Journal of Obstetrics and Gynaecology Canada. Volume 23, Number 4 (2001), p. 343-345.
adolescents; capacity to consent; confidentiality; ethics; health care providers; law; married minor; minor patients; parental consent; parental knowledge
Health care providers who treat adolescents may also be required to diagnose and treat the reproductive health conditions of minor patients and to facilitate health prevention measures, including contraception and testing for sexually transmitted diseases. Teens who do not want their parents to know about their sexual behaviour may consult a health care provider for reproductive or sexual health care services and treatment without parental knowledge or consent. This may present legal and ethical dilemmas for health care providers. Common law recognizes that adolescents under the legal age of majority who are sufficiently mature (the mature minor) may have the capacity to consent to health care services with the same independence as adults. Such capacity to consent needs to be determined on an individual basis. Where there is disagreement between a mature minor and her parent(s) about a medical procedure or treatment, the wishes of the adolescent should prevail. Under law, a married minor is usually treated as having attained majority status, however, fertility services cannot ethically be denied if the unmarried adolescent is found capable and they are required medical services for that individual. Parents or legal guardians generally have the legal authority and responsibility to act as surrogate decision makers for adolescents found incapable of making their own health care decisions. Although confidentiality is essential, there are some exceptions to absolute confidentiality.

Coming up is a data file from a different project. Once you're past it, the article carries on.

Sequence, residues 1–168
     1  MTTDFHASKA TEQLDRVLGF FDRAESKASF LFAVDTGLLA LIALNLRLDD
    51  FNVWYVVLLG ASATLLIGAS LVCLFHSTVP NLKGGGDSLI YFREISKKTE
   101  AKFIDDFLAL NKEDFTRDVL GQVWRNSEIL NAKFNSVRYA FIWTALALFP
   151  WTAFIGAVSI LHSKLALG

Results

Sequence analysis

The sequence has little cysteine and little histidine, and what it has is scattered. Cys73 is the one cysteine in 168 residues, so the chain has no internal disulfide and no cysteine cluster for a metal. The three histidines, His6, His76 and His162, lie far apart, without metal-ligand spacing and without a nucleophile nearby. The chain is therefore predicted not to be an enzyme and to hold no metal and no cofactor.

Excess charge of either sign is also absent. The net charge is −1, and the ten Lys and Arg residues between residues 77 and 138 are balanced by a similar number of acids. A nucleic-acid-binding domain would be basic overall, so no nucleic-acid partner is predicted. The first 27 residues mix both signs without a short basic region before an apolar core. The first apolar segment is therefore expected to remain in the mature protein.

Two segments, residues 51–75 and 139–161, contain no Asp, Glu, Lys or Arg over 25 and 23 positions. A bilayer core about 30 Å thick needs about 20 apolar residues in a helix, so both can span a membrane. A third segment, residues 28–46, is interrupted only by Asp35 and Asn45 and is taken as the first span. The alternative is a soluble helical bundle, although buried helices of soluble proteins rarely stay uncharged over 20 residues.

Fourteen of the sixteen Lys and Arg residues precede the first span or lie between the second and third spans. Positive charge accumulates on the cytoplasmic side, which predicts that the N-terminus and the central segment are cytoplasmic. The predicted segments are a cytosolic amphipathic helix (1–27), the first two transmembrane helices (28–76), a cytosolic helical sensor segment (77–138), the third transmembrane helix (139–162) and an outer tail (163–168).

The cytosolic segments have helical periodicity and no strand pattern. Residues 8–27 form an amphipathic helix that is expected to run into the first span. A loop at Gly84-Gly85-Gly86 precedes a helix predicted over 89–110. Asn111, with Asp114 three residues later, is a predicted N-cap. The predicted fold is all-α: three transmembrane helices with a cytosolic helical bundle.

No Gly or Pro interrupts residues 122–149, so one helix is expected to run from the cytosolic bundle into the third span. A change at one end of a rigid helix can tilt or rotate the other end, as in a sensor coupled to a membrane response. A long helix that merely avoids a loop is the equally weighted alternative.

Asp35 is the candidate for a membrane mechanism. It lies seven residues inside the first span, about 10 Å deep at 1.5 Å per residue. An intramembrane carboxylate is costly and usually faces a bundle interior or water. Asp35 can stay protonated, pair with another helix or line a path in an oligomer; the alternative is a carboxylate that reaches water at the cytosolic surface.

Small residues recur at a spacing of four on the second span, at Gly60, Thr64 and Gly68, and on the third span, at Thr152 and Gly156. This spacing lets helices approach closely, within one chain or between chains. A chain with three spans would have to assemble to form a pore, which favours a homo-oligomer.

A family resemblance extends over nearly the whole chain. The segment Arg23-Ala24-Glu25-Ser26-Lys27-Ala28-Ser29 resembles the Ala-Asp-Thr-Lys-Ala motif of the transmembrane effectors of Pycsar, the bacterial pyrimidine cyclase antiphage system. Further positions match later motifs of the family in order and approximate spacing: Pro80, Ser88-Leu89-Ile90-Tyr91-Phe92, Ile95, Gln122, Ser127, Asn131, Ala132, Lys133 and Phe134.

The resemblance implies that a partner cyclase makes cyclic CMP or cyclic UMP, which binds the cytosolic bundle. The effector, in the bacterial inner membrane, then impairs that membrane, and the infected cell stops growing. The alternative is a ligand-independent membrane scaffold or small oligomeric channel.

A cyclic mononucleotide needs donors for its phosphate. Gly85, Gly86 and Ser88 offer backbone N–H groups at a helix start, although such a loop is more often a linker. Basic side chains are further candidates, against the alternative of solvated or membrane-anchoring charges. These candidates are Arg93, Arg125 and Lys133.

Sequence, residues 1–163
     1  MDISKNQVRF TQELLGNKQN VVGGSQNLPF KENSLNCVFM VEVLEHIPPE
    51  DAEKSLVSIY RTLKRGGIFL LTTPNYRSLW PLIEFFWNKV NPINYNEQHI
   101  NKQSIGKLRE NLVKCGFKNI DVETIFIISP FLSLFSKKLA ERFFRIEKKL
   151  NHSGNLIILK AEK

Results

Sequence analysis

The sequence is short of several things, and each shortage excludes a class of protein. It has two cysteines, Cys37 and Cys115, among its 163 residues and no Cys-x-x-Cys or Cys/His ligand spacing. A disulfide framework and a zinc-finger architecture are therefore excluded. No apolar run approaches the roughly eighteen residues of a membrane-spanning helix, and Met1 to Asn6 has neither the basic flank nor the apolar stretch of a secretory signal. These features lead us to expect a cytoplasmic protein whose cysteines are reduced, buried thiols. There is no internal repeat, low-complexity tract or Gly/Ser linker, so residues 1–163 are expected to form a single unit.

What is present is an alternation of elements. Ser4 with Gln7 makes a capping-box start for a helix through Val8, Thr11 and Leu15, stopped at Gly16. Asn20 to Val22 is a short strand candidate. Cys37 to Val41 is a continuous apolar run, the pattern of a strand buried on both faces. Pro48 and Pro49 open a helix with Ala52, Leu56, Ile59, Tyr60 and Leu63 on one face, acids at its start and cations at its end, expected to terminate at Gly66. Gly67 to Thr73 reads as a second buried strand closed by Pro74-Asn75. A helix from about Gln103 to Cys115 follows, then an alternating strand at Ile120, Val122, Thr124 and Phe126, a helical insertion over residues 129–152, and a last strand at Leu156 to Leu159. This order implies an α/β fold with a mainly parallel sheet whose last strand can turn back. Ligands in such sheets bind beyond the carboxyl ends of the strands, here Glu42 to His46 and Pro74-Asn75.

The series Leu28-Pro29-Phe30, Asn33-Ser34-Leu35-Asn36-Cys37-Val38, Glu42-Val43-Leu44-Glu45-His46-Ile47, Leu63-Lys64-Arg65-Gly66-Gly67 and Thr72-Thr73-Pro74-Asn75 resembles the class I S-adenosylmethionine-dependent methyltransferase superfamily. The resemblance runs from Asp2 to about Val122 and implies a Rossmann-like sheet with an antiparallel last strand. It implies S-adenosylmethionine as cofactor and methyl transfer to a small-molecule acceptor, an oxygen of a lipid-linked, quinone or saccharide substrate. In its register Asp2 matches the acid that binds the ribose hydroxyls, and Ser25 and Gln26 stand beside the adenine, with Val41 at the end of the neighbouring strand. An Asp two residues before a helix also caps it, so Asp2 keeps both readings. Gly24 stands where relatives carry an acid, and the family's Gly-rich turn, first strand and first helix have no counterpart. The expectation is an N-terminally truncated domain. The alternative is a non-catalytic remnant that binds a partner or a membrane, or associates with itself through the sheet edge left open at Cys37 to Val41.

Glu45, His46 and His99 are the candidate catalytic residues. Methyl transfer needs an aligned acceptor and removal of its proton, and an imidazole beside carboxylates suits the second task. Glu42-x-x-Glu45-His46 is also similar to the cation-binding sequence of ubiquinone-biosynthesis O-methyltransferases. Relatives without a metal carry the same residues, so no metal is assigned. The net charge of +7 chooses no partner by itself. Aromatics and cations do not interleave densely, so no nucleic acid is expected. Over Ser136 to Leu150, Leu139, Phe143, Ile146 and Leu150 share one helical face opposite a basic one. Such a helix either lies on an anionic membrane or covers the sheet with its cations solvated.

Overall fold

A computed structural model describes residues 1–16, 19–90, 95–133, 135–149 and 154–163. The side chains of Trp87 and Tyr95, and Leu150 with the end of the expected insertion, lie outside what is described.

Mykitiuk, Roxanne, and Victoria J. Davis. "The Rights of the Adolescent: The Mature Minor." Journal of Obstetrics and Gynaecology Canada 23.4 (2001): 343-345.
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